This clinically oriented text focuses on the diagnosis and management
of endometrial adenocarcinoma and endometrial hyperplasia. Due to its
clinical orientation, the book does not include information on the
molecular basis of endometrial cancer.
At 288 pages, the book is relatively short but is strengthened by the
liberal inclusion of tables, figures, histopathology
photomicrographs, and other useful photographs. Although the book is
generally well written in a fairly uniform fashion, there are areas
of unnecessary repetition.
The first chapter centers on the epidemiology of endometrial
carcinoma. Although concise, this chapter adds little new information
to other published chapters on the topic. Few of the references were
published later than 1994. Also, the chapter provides no discussion
on inherited cancer syndromes that place a woman at higher risk of
The second chapter focuses on methods of early diagnosis and
potential methods of screening women for endometrial cancer. It
contains 42 excellent illustrations of endometrial pathology noted at hysteroscopy.
The third chapter reviews endocrine aspects of the uterus as they
relate to endometrial cancer. It starts out with a nice overview of
endometrial anatomy and physiology. There is very little discussion
of the effects of tamoxifen (Nolvadex) on the uterus, however, and no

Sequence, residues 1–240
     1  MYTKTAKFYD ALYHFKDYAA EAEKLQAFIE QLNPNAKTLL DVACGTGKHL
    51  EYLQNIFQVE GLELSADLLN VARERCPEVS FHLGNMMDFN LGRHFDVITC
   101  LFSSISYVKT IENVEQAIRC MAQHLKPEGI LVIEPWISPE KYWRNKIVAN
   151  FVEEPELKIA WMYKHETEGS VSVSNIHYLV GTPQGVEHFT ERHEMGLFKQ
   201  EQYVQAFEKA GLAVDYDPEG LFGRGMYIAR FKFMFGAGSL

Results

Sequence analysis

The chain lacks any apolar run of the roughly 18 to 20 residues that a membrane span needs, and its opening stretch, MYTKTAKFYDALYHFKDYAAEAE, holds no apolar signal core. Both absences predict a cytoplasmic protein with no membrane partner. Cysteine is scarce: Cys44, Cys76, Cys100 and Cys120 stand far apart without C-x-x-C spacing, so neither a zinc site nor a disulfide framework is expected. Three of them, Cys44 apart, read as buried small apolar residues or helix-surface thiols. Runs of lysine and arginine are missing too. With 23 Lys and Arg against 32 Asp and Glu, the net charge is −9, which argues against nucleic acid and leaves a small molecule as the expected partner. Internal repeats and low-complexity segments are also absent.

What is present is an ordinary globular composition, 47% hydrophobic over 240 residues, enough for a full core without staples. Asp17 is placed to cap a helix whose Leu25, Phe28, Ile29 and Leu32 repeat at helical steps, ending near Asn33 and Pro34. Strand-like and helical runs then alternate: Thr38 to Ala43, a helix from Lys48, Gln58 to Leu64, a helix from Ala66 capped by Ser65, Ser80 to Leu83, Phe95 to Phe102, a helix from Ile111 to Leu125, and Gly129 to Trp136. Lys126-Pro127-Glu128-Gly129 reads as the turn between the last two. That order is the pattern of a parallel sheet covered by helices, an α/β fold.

mention of the effects of raloxifene (Evista). Another blatant
omission is any discussion of the hormonal therapy of advanced
endometrial adenocarcinoma. Also missing is advice on how to manage
young women with grade 1 endometrial adenocarcinoma who wish to
Chapters 4 and 5 deal with the pathology of endometrial hyperplasia
and endometrial adenocarcinoma, respectively. The author presents a
nice discussion of biological prognostic indicators. The chapter
contains over 40 excellent photomicrographs but no gross
Chapter 6 describes treatment modalities for endometrial hyperplasia.
The authors suggest the use of endometrial ablation as an alternative
treatment for medically resistant forms of endometrial hyperplasia
(without cytologic atypia), and devote a significant portion of the
chapter to a discussion of various methods of performing ablation.
This discussion seems out of place since most authorities agree that
endometrial cancer and its precursors should not be treated with
Chapters 7 and 8, which cover staging and prognostic factors in
endometrial carcinoma, respectively, could have been combined into
one chapter. Overall, these discussions are thorough and very good.
Chapters 9 and 10 focus on the surgical management of endometrial
cancer, with a nice discussion of the use of laparoscopy.
Chapter 11, which explores the role of radiation therapy in
endometrial cancer, is an excellent overview on the subject. The
authors include many photographs or figures of equipment and
radiation techniques used in the treatment of patients with uterine cancer.
The final chapter is a well-written review of the role of
chemotherapy in patients with advanced endometrial cancer. It
includes data on the efficacy of both single-agent and combination
Overall, Endometrial Carcinoma and Precursors is a very good text
that presents a focused, relatively concise discussion of endometrial
carcinoma. It should be a useful aid to practitioners who manage
women with endometrial cancer.